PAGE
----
Socialism, in the End, Is Slavery
“The problem with socialism,” said Margaret Thatcher, “is that you eventually run out of other people’s money,” and that eventually has come for Venezuela. Food, medicine and all of the other necessities of life are nowhere to be found.
How bad is it? A box of pasta now costs $300, and a dozen eggs goes for $150. People are even being even forced to work the nation’s farms. Everywhere else in the world this is called by its plain name: slavery. Hugo Chavez’s so-called “economic miracle” is at last stripped bare. Chavez achieved what any rational person would have thought impossible: He bankrupted the country that sits atop the world’s largest oil supply.
Chavez’s economic plan, such that it was, was hatched in 1998, when he promised a “third way” between capitalism and socialism. His idea was to take control of the oil companies and use that income to fund social programs. But Chavez made the same mistake every socialist does: He assumed that capital just falls from the sky. He gave no thought to what would happen after he confiscated the infrastructure, equipment and property that was in the hands of the oil companies, who were incentivized to maintain it.
At first, none of that mattered. Taking private property away actually works. But it only works once and only for a short while. From 2004 through 2008, Venezuela’s economy skyrocketed. Annual economic growth (in per-capita, inflation-adjusted terms) grew an astounding 11 percent annually. Poverty fell, inequality fell and socialists everywhere pointed to Chavez’s Venezuela as the model of socialism done right.
But when investors cannot profit from capital, they stop creating capital. And if it isn’t continually replaced, upgraded and maintained, capital deteriorates until the country has neither investors nor capital. Like Venezuela.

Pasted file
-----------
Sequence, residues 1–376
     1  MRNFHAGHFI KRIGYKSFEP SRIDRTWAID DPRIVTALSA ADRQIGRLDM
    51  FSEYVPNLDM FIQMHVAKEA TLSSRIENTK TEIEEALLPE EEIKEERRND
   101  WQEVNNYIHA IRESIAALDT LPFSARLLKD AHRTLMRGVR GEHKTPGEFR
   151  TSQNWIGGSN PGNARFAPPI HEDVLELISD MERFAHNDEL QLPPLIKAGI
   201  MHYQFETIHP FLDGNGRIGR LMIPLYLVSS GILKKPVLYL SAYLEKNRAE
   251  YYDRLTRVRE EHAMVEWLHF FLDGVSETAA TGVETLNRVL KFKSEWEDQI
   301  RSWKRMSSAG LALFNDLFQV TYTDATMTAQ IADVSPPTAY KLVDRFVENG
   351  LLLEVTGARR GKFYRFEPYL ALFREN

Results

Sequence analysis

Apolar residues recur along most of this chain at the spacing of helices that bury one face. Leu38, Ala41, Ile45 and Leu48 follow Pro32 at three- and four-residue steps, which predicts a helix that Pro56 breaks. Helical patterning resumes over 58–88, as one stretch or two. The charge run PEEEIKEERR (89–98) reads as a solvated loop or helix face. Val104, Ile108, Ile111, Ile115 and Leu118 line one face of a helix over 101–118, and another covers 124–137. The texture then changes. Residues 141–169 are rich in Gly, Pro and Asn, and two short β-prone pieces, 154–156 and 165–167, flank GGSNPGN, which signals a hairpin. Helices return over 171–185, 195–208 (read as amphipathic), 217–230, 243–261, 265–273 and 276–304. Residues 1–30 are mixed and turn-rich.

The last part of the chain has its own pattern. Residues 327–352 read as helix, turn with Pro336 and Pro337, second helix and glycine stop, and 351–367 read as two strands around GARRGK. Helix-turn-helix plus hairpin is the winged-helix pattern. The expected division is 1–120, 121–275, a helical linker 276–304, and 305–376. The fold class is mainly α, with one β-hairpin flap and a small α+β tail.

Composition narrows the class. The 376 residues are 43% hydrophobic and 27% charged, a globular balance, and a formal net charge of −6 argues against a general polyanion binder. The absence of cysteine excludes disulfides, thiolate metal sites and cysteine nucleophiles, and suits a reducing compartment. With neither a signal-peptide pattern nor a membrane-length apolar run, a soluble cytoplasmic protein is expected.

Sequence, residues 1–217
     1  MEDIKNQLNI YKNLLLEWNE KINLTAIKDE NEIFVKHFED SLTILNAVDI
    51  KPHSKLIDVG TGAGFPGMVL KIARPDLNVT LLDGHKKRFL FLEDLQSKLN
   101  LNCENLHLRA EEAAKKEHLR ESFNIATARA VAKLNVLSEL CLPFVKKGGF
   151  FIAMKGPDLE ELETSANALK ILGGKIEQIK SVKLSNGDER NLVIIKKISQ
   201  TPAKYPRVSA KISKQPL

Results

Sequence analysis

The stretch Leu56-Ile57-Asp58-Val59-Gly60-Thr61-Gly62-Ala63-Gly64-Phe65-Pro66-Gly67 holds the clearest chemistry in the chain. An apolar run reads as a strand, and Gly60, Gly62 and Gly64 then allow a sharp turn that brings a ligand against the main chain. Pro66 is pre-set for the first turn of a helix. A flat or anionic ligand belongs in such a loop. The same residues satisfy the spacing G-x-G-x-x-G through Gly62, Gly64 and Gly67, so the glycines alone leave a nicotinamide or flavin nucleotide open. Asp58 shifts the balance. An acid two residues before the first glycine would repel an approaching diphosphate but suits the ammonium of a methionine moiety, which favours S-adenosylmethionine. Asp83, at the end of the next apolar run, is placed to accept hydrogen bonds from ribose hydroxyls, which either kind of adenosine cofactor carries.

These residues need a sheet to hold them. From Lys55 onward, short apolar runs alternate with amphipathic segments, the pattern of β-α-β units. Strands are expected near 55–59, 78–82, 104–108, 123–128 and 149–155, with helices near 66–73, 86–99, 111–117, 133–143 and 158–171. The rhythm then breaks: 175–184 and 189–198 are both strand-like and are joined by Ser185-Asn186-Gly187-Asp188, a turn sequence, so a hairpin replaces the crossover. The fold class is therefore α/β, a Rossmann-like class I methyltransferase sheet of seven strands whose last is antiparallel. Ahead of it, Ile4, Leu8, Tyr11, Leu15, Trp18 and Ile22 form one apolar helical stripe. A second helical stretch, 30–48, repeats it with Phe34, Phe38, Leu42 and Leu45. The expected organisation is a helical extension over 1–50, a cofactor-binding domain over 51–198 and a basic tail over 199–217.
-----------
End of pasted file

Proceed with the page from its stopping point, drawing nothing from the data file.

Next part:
Venezuela is learning the hard way that there is no third way, because capitalism and socialism are mutually contradictory.
Prior to Chavez’s rise to power in 1998, Venezuela ranked among the 50 percent most economically free countries in the world according to the Fraser Institute. Within three years, Venezuela had fallen into the bottom 10 percent, then to the bottom three. Since 2010, Venezuela has ranked dead last. It is the least economically free country on the planet. This is why its economy is in a shambles.
The one-time benefit of nationalizing the oil industry has played out, and all that remains is misery. The economy has made it clear that the emperor has no clothes. The governing elite in Venezuela are, of course, blaming capitalists, but there are simply no capitalists left to blame.
Venezuela got to this point by believing that politicians have the power to suspend the laws of economics. Chavez nationalized oil companies. This had the predictable effect of removing the profit incentive for oil workers and entrepreneurs to create value, and casting a pall over other major industries that feared they would be next.
That, combined with the falling price of oil, meant that Venezuela’s ability to earn U.S. dollars and purchase U.S. products declined. This led to a reduction in economic growth. As economic growth slowed, the government’s tax revenues declined, so the government started printing money. This led to inflation. With inflation, the price of food rose, angering the voters. The government responded by imposing price controls. The price controls caused food to disappear. As with oil, there was no profit in providing it.
And now, the government enslaves its own people to work on farms. Socialism, in the end, is slavery.
The only way to fix this is to reverse the initial mistake. Return ownership of capital to the people and get the government out of the economy. It’s only when people can earn and keep profits from their businesses that entrepreneurship thrives, prices fall and people have food.
Antony Davies is associate professor of economics at Duquesne University in Pittsburgh. James R. Harrigan is director of academic programs at Strata in Logan, Utah.
Originally published at www.insidesources.com on August 22, 2016.